National standards for fire safety are vitally important: KFB captain

By Marc Lalonde

 Local Journalism Initiative Reporter

The Kahnawake Fire Brigade wasn’t a part of last week’s inaugural First Nations First Responders Gathering held in Ottawa last week because of a scheduling conflict, but federal conferences that seek to promote fire safety with national standards are important for many First Nations, a KFB captain said Tuesday.

“I do know we would have liked to be there but other issues came up,” said KFB Captain Wihse Stacey. “If you’re going to go sit at a national table and help to get people all on the same page as far as building codes, it’s a good opportunity.”

No kidding. In Canada, Indigenous people are 10 times more likely to die in a fire than non-Native people.

The three-day gathering was held in Ottawa last Wednesday to Friday, and brought together Indigenous fire protection and emergency responder leadership to explore how best to address increasing fire dangers faced by First Nations.

Stacey said many First Nations communities are still not as concerned with standardized building codes as they ought to be and that’s a major safety issue, he said.

“In a lot of First Nations communities, people are of the mindset that building codes are a `white man’s construct’ and don’t need to be adhered to and that’s unfortunate,” Stacey said. “The fact is, those safety codes are there for a reason and that’s to keep people as safe as possible. Regardless of how those codes came to be, it’s important that there be some sort of reform to get everyone on the same page.”

The event was organized by the Assembly of First Nations (AFN) and featured panel discussions on topics such as options for introducing fire protection legislation and codes, wildland fire threats and responses, funding needs to improve First Nation fire departments, effective fire prevention strategies and volunteer fire and wildfire fighting recruitment, amongst others.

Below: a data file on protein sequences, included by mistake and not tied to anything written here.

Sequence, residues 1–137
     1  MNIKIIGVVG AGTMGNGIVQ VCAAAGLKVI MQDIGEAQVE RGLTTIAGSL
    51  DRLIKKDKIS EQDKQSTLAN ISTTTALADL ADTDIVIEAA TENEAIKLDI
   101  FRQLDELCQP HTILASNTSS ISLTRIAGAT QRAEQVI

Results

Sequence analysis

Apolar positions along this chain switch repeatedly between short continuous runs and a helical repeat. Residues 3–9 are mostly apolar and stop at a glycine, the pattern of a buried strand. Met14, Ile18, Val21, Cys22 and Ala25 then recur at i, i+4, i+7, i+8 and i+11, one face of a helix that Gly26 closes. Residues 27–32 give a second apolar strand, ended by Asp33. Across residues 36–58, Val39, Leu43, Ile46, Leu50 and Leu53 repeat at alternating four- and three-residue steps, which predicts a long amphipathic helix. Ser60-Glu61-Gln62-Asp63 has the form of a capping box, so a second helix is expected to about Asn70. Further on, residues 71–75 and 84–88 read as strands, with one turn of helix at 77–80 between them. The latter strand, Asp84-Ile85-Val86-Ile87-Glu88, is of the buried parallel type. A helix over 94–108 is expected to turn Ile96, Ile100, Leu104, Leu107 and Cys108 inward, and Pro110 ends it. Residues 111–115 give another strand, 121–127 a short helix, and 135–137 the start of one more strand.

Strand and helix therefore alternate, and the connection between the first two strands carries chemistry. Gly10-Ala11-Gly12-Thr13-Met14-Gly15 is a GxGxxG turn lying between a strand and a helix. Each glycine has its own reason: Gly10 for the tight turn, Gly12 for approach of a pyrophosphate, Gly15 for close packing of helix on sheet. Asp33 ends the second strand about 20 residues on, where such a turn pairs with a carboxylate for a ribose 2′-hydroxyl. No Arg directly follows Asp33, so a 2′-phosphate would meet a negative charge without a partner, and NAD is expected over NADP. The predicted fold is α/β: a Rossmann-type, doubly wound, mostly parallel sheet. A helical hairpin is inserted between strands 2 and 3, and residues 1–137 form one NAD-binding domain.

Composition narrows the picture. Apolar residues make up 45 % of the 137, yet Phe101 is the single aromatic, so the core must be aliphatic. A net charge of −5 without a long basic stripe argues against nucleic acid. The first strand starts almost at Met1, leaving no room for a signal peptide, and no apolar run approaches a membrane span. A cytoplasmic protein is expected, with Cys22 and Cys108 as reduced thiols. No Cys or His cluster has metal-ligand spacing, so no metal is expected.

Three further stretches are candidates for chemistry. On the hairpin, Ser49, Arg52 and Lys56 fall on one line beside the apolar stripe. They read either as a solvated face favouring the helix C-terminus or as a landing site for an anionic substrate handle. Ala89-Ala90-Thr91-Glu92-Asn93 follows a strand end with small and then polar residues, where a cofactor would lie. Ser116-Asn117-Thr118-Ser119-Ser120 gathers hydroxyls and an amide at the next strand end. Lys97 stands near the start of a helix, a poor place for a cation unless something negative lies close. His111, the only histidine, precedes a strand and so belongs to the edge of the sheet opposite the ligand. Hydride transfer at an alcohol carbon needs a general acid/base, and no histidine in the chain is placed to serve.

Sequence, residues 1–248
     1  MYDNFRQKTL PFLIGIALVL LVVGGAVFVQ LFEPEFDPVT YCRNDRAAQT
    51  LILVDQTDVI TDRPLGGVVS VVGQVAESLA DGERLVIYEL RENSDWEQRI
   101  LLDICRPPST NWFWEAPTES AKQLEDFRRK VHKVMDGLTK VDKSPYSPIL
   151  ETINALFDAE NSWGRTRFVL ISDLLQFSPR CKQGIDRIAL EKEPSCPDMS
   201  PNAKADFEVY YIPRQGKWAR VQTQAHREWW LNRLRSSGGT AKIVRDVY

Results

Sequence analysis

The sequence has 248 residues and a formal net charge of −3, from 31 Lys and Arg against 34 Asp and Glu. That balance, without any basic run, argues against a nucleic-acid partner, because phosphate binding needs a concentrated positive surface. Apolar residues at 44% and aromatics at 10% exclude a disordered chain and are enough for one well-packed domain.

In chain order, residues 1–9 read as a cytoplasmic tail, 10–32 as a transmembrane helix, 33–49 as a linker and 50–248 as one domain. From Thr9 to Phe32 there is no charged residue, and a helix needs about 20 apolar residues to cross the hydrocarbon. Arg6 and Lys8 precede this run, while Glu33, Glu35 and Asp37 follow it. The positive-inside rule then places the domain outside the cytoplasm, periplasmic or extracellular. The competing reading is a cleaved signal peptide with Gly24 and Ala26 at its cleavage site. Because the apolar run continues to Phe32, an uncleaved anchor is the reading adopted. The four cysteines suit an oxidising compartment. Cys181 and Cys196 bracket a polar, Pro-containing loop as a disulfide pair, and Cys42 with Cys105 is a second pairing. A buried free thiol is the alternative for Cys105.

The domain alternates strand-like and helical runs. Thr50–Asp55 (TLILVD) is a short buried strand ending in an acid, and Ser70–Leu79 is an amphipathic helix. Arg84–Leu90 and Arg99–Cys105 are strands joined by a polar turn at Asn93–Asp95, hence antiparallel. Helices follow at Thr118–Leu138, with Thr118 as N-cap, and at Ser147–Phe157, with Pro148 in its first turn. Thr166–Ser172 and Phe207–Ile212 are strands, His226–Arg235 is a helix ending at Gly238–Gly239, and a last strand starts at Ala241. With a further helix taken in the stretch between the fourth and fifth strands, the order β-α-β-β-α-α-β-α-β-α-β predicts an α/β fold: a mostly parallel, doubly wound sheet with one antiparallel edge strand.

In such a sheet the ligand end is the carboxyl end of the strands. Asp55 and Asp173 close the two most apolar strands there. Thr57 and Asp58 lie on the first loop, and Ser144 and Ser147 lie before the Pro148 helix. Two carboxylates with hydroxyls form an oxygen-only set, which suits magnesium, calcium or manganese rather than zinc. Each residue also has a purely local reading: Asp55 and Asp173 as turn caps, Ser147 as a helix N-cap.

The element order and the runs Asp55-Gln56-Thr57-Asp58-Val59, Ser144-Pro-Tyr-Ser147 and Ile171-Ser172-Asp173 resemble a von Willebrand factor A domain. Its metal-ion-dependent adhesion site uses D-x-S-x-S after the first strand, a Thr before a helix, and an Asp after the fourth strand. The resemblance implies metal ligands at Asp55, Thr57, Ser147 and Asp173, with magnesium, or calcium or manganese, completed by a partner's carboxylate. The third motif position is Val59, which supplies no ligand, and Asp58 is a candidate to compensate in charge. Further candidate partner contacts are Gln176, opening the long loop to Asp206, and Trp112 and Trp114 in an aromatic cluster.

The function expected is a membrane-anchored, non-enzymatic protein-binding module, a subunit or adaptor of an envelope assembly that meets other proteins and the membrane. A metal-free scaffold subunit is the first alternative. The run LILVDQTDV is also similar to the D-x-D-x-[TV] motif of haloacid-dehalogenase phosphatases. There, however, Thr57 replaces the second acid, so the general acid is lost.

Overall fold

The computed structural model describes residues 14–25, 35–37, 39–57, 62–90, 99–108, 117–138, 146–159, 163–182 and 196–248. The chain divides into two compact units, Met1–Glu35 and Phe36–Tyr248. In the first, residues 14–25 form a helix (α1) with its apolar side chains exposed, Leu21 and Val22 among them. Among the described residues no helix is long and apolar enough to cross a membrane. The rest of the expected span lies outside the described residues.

AFN Manitoba Chief Cindy Woodhouse said fire safety remains a concern in many First Nations communities across the country.

“Every year, First Nations communities experience fires that could have been prevented or mitigated with adequate infrastructure, resources, and support,” she said. “Fire services in First Nations communities are frequently faced with insufficient resources and inadequate funding to meet the needs of our populations. In Canada, Indigenous people living in First Nation communities are 10 times more likely to die from a fire, according to 2021 vital statistics.

I look forward to the positive change this will bring as we work together with the government to protect First Nations.”

Federal Indigenous Services minister Patty Hajdu said fatal fires in First Nations communities are simply too frequent and hopes to reverse that trend.

“This year, as in years past, far too many First Nations have suffered devastating losses from tragic fatal fires that have left communities grieving and looking for answers,” she said. “These senseless tragedies could have been prevented. This gathering and the new Fire Protection Strategy, which has been co-developed with the Assembly of First Nations, are critical to saving lives and keeping First Nations communities safe. Today is an important first step, but we need to rapidly take further action. Lives depend on it.”

 Marc Lalonde/ Local Journalism Initiative Reporter/IORI:WASE/LJI  is a federally funded program. Turtle Island News does not receive lJI funding.

Add Your Voice

Is there more to this story? We'd like to hear from you about this or any other stories you think we should know about. Contribute your voice on our contribute page.